musician, critic, and major figure of the modernist
Priestly scribe and author of two books of the
Common clues: Pound of poetry; Book before Nehemiah;
Metrical Pound; Poet Pound; Old Testament book; Pound of verse;
6 times a year
in English language:
knows Ezra Pound
general statement is like a check drawn on a bank. Its value
depends on what is there to meet it.
~ Ezra Pound
Weston Loomis Pound (October 30 1885 – November 1 1972) was
a poet, musician and critic who, along with T.
S. Eliot, was one of the major figures of the modernist movement
in early 20th century poetry. He was the driving force behind
several modernist movements, notably Imagism and Vorticism. The
critic Hugh Kenner said on meeting Pound: "I suddenly knew
that I was in the presence of the center of modernism."
Pound in 1913.
Because of his
political views, especially his support of Mussolini and his
anti-Semitism, Pound continues to attract much criticism.
Nevertheless, it is impossible to ignore the vital role he played
in the modernist revolution in 20th century literature in
English. This importance may be considered under four headings:
poet, critic, promoter, and translator.
a poet, Pound was one of the first to successfully employ free
verse in extended compositions. His Imagist poems influenced,
among others, the Objectivists and The
were a touchstone for Ginsberg and other Beat poets. Almost every
'experimental' poet in English since the early 20th century is in
critic, editor and promoter, Pound helped the careers of Yeats,
Eliot, Joyce, Wyndham Lewis, Robert Frost, William Carlos
Williams, H.D., Marianne Moore, Ernest Hemingway, D. H. Lawrence,
Louis Zukofsky, Basil Bunting, George Oppen, Charles Olson and
other modernist writers too numerous to mention as well as
neglected earlier writers like Walter Savage Landor and Gavin
before the First World War Pound became interested in art when he
was associated with the Vorticists (Pound coined the word). Pound
did much to publicise the movement and was instrumental in
bringing the movement to the wider public (he was particularly
important in the artistic careers of Henri Gaudier-Brzeska and
translator, although his mastery of languages is open to
question, Pound did much to introduce Provencal and Chinese
poetry, the Noh, Anglo-Saxon poetry and the Confucian classics to
a modern Western audience. He also translated and championed
Greek and Latin classics and helped keep these alive for poets at
a time when classical education was in decline.
the early '20s in Paris, Pound became interested in music, and
was probably the first serious writer in the 20th century to
praise the work of Vivaldi (who had been neglected for centuries)
and early music generally. He also helped the early career of
George Antheil, and collaborated with him on various projects.
secret to Pound's seemingly bizarre theories and political
commitments perhaps lie in his occult and mystical interests,
which biographers have only recently begun to document. 'The
Birth of Modernism' by Leon Surette is perhaps the best
introduction to this aspect of Pound's thought.
historical Ezra was a priestly scribe who is thought to have led
about 5,000 Israelite exiles living in Babylon to their home city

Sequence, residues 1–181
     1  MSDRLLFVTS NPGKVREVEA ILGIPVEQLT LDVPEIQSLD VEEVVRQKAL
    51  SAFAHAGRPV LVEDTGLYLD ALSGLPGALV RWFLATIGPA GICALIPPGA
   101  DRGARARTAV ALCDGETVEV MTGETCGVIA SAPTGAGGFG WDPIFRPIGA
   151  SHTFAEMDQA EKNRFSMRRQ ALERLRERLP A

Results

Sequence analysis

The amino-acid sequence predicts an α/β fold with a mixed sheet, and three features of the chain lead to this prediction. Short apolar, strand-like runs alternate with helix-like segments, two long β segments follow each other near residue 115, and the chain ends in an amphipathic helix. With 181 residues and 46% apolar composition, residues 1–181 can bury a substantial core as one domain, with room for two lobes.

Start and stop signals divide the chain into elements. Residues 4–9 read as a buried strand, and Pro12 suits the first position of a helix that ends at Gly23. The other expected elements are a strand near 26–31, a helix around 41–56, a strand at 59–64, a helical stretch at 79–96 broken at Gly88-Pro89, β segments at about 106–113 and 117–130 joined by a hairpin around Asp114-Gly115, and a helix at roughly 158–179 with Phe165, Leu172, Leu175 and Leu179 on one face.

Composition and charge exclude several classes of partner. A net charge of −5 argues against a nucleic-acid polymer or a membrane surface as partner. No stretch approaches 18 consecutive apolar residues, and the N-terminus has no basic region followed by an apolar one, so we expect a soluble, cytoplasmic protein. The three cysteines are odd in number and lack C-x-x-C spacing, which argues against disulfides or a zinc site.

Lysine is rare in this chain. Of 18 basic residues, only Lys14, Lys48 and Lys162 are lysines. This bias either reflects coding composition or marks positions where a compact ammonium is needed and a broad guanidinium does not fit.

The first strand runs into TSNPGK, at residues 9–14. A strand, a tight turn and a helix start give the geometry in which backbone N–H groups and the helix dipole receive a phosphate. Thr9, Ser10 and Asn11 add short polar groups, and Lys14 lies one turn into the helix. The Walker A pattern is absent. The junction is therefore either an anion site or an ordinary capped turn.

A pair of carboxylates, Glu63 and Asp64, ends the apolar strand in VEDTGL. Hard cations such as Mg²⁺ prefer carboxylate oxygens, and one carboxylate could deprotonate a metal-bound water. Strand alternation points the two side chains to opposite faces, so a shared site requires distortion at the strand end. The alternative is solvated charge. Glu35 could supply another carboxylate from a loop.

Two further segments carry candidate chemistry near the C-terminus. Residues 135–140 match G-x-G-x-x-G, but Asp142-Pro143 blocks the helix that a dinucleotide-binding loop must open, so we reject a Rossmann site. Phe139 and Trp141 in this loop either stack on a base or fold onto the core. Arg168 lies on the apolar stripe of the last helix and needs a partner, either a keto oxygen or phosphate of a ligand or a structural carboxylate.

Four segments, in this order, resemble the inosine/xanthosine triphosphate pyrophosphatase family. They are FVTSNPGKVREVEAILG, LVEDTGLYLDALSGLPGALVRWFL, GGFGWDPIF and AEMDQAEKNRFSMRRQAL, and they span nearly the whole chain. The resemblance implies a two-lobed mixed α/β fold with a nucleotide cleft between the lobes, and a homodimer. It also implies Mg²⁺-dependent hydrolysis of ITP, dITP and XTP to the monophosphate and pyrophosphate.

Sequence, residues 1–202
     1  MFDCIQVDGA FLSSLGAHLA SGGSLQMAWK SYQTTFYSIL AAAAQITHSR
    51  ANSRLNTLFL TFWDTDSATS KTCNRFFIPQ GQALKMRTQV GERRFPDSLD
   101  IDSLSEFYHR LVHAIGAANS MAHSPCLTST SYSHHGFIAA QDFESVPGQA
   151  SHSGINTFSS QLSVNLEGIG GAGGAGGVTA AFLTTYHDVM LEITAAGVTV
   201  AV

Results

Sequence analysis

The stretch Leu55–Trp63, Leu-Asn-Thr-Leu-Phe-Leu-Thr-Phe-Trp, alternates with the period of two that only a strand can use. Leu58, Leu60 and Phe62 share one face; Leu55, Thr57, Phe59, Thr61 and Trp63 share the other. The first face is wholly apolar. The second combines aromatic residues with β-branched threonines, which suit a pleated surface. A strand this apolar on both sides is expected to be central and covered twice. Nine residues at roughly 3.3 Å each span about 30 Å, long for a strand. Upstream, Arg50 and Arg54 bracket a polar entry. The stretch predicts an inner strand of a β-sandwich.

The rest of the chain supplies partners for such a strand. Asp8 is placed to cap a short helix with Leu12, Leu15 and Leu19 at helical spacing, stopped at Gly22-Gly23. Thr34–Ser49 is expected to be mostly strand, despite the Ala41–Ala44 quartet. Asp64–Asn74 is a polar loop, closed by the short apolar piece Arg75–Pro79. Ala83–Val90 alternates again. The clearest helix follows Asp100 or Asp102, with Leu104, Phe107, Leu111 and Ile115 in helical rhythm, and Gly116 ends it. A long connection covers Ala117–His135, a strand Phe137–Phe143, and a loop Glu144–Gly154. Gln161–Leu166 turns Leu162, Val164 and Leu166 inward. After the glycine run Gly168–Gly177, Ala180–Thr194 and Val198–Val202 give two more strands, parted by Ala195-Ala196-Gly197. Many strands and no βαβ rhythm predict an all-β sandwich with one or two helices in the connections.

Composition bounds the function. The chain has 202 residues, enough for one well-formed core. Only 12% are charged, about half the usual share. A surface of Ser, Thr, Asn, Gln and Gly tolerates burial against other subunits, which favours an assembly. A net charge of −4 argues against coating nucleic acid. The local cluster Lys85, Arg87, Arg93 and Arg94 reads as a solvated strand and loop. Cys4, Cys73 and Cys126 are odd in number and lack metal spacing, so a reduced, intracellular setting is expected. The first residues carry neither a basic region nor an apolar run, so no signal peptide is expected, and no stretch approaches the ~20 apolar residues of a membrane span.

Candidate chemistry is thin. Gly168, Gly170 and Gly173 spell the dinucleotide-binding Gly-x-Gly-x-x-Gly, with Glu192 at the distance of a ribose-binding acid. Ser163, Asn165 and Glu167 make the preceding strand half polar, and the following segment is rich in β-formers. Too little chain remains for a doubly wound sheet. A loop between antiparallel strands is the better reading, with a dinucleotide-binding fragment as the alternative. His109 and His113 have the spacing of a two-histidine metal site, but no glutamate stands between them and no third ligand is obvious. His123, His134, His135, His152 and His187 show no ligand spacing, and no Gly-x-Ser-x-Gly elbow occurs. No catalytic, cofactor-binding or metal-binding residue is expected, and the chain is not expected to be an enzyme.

of Jerusalem in 459 BCE. Many scholars credit him as the author
of the Book of Ezra and the Book of 1 Chronicles in the Bible.
traditionally described as the tomb of Ezra at Al Uzrayr near
is commemorated with the other Minor prophets in the Calendar of
saints of the Armenian Apostolic Church on July 31.
to the genealogy in Ezra 7:1-5, Ezra was the son of Seraiah (2
Kings 25:18-21), and a lineal descendant of Phinehas, the
grandson of Aaron. A similar genealogy is given in 1 Esdras 8, as
well as at the beginning of the Latin version of 2 Esdras, with
the addition of a few names. All versions of 2 Esdras mention
that he was also known as "Salathiel", "Shaltiel"
or "Sutu`el" (depending on the version language).
the seventh year of the reign of Artaxerxes I Longimanus, Ezra
obtained leave to go to Jerusalem and to take with him a company
of Israelites (Ezra 8). Artaxerxes showed great interest in
Ezra's undertaking, granting him "all his requests,"
and giving him gifts for the house of God. Ezra assembled a band
of approximately 5,000 exiles to go to Jerusalem. They rested on
the banks of the Ahava for three days and organized their
four-month march across the desert.
record exists for the 14 years between 459 BCE, when Ezra is
thought to have organized the ecclesiastical and civil affairs of
the Israelite nation, and 445 BCE, when Nehemiah first appears in
the Bible's chronology. Nehemiah's first recorded act was to
rebuild the ruined wall of the city. After this reconstruction, a
great group of people gathered in Jerusalem to dedicate the wall.
On the appointed day, Ezra and his assistants read the Torah
aloud to the whole population. According to the text, a great
religious awakening occurred. For successive days, beginning on
Rosh Hashanah, the people rejoiced in the holy days of the month
of Tishri. Ezra read the entire scroll of the Torah to the
people, and he and other scholars and Levites explained and
interpreted the deeper meanings and applications of the Torah to
the assembled crowd. These festivities culminated in an
enthusiastic and joyous seven-day celebration of the Festival of
Sukkot, concluding on the eighth day with the holiday of Shemini
Atzeret. On the 24th day, immediately following the holidays,
they held a solemn assembly, fasting and confessing their sins
and the iniquities of their fathers. Then, they renewed their
national covenant to follow the Torah and to observe and fulfill
all of the Lord's commandments, laws and decrees (Neh. 10:30).
Abuses were rectified, and arrangements for the temple service
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